I dont know what to say about that cuz it is just too upsetting but on a more positive note, I am ahppy that those hearing kids are learning ASL. If it helps them, great. Anything to improve children's language development.

    Like Jillo said, keep up the good work! :)
     
  10. fredfam1

    fredfam1 New Member

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    This is what I will be doing at the public library in spring of 08. I will
    be teaching hearing parents of hearing infants how to teach their
    children ASL. The librarian told me there has been alot of intrest
    in this class, so much so that we may have to form two classes.
    I bet my receptive skills improve then! Having to watch all those
    parents try to use sign language. heeheee I'm even going to be
    paid a small stipend. If this goes well, I just may have a home
    based business going here! Travel around to different librarys
    teaching a 5 week course in ASL! Awsome!
     
  11. Babyblue

    Babyblue New Member

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    Way to go! I think it is great now that we see the hearing people are starting to learn the concept of ASL and it is a start, to educate hearing people on Deaf Culture, by teaching them sign. I feel we should add Deaf Culture to the ASL classes so they have more understanding of the language.
     
    Last edited: Dec 24, 2007
  12. fredfam1

    fredfam1 New Member

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    In ASL 4 we had to do many hours studying Deaf culture
    do s and don't s. I probably forget a lot of them though.
    When you are in a new Deaf situation and struggling to
    remember your signs, it is difficult to think about how
    your body is positioned in relationship to other people.
    shoot! I have enough trouble just walking and not
    tripping!
     
  13. jillio

    jillio New Member

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    Agreed. The ASL classes at the college where I work includes cultural studies. Understanding the culture is necessary to fully understand the langauge....particularly useful as well, it one's intent is to enteract with deaf people given their new found knowledge.
     
  14. Babyblue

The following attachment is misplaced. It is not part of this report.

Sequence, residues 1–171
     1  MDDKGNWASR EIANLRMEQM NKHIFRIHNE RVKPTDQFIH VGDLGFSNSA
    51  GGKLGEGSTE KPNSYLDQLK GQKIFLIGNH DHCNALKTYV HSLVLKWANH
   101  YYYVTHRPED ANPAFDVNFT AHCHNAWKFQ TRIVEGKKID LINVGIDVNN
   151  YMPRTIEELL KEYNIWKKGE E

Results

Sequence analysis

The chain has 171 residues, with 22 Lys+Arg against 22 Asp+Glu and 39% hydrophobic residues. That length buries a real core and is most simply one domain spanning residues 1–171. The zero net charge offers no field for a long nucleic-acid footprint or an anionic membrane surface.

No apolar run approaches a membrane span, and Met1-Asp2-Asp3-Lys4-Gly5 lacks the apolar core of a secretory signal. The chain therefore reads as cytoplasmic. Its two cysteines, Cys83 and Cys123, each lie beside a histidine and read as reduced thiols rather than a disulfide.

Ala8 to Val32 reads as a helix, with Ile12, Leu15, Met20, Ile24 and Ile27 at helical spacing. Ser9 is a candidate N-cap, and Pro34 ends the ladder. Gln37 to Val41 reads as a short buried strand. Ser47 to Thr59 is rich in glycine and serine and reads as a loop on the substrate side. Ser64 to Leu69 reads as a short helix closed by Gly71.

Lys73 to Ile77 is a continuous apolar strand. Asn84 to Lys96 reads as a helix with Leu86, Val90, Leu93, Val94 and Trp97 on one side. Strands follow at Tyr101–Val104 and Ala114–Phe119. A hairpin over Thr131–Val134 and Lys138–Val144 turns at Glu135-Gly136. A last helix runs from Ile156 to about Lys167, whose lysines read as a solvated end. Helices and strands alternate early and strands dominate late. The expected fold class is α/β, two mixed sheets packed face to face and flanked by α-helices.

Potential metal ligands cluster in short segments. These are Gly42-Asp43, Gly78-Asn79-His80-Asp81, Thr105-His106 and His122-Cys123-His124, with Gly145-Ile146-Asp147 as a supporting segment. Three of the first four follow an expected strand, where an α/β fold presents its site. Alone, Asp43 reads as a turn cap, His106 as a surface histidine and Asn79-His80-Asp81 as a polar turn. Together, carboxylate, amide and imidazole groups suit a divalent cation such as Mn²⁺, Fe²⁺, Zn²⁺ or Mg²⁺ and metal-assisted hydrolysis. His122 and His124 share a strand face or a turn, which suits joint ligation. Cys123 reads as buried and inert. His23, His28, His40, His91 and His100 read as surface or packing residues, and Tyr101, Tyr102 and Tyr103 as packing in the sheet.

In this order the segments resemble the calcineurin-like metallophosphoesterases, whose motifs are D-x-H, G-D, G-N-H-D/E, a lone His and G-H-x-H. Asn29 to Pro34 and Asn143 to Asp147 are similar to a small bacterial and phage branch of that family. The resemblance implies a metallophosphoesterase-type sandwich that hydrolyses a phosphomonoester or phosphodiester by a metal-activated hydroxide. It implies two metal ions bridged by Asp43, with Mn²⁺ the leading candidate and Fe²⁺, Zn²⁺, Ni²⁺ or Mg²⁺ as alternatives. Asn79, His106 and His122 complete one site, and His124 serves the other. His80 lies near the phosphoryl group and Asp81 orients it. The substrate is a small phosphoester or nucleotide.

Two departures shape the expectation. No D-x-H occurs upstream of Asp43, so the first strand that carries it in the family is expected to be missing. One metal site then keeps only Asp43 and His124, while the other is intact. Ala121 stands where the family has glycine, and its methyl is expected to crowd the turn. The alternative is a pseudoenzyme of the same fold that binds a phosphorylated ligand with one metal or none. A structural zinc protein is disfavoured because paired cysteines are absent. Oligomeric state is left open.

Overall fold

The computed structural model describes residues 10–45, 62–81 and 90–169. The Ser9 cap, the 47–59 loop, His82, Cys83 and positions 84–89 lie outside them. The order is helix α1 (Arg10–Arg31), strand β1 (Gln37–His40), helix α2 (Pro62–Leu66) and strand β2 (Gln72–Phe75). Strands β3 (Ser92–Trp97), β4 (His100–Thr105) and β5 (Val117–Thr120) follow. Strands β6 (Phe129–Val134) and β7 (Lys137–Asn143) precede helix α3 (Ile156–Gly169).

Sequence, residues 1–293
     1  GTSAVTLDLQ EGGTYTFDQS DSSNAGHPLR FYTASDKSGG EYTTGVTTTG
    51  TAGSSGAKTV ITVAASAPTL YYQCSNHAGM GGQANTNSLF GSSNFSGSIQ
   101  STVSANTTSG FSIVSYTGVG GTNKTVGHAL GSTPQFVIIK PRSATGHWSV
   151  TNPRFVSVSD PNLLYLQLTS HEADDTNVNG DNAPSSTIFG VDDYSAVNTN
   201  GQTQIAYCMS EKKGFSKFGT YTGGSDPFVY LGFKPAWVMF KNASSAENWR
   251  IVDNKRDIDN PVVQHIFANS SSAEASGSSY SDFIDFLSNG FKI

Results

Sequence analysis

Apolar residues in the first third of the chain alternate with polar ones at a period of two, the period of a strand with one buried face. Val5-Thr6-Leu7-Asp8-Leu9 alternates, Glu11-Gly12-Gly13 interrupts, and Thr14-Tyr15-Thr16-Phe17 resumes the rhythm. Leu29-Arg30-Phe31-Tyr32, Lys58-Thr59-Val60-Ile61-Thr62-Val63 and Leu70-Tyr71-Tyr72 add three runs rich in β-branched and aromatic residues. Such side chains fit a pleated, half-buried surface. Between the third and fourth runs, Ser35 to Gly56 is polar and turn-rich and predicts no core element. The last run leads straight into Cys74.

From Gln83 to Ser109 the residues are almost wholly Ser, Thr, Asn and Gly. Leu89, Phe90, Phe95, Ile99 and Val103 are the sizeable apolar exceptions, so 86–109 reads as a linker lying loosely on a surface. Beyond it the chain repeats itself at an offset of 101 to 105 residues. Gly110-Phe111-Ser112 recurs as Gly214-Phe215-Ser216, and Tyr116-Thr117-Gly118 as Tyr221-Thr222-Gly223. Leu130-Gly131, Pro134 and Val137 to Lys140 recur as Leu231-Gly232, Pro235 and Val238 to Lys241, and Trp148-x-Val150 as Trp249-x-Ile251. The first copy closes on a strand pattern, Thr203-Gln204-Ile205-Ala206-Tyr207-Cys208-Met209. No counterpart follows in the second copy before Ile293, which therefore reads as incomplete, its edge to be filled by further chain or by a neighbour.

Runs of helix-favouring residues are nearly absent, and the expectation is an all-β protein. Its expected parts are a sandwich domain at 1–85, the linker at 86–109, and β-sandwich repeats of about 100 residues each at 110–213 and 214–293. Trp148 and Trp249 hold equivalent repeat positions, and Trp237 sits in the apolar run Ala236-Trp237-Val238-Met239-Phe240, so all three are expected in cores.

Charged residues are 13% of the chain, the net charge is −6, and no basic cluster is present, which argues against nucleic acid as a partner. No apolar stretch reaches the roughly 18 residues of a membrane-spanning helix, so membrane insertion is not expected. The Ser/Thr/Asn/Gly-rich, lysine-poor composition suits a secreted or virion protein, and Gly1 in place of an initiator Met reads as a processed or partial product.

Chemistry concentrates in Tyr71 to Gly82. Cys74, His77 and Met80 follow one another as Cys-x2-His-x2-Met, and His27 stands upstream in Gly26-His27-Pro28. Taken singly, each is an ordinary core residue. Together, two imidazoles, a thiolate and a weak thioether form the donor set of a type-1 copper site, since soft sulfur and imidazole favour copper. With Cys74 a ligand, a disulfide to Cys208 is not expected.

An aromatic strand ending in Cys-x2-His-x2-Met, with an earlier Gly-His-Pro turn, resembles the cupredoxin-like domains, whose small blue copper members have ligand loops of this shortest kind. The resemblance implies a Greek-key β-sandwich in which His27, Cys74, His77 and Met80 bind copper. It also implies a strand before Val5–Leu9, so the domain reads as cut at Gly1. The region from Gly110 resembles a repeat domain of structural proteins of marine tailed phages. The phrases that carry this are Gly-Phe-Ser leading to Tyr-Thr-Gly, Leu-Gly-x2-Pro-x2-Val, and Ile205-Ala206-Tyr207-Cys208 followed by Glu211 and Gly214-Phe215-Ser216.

Babyblue New Member

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    I agree...I personally HOH did not learn ASL and took deaf culture in the Deaf School I attended til 1989. It was hard at first but me attending to a Deaf school being with my peers helped me alot. I was picked on alot at first by my peers, but eventually I got it and was and am respected by my Deaf peers. I just think ASL is a great resource to get hearing and deaf to unite and to understand one anothers language. It will not be perfect but if we can get the hearing culture to understand that signing ASL isn't a insignificant language then we are set.
     
  15. Babyblue

    Babyblue New Member

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    Just an undate to prove that A.S.L is much easier to teach that oral speech. I was playing with a 7 month old child today saying and clapping my hands to Patty cakes... Did the child say patty cake or clapped her hands?



    If you guess clapped her hands.

    OF COURSE.... I can just say "Patty Cake" the infant would automatically clap her hands.

    Something to ponder.... Let me know what you think of this..
     
  16. fredfam1

    fredfam1 New Member

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    Guess what? The head of the local private preschool wants to send
    her teachers to my class, so they can learn ASL and teach the
    hearing pre schoolers! Maybe when ASL becomes even more popular
    with Hearing community, the Hearing parents of Deaf children will feel
    more comfortable with letting their children learn ASL. I think it would
    improve their abilities to learn oral speech and any other modalities.
     
  17. deafdyke

    deafdyke Well-Known Member

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    Maybe a good idea might be to contact any early intervention programs (you know the ones for all kinds of disablities) and let them know that you'd be available in case there's a dhh kid. Also contact any deaf ed programs in your area, and let them know that you're available. Trust me......they are ALWAYS looking for ASL fluent TODs!
     
  18. fredfam1

    fredfam1 New Member

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    Thanks, I'll look into that.
     
  19. jillio

    jillio New Member

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    Yes. Children develop motor skills like that earlier than they develop the skills necessary to produce speech. But she understands that the words "patty cake" mean the same thing as clapping hands.
     
  20. Miss-Delectable

    Miss-Delectable New Member

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    That's great, babyblue. Keep up the good job. :)

    Fredfam, good luck on the job when it starts.

    Maybe ASL will be a huge trend that hearing parents of deaf kid will have no choice but to allow it.